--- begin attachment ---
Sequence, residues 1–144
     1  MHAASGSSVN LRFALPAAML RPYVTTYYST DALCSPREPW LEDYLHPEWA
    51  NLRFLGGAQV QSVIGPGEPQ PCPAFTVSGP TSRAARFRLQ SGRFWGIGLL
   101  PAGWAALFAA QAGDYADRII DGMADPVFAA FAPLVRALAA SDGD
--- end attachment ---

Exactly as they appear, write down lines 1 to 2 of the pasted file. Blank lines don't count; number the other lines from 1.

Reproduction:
Sequence, residues 1–144
     1  MHAASGSSVN LRFALPAAML RPYVTTYYST DALCSPREPW LEDYLHPEWA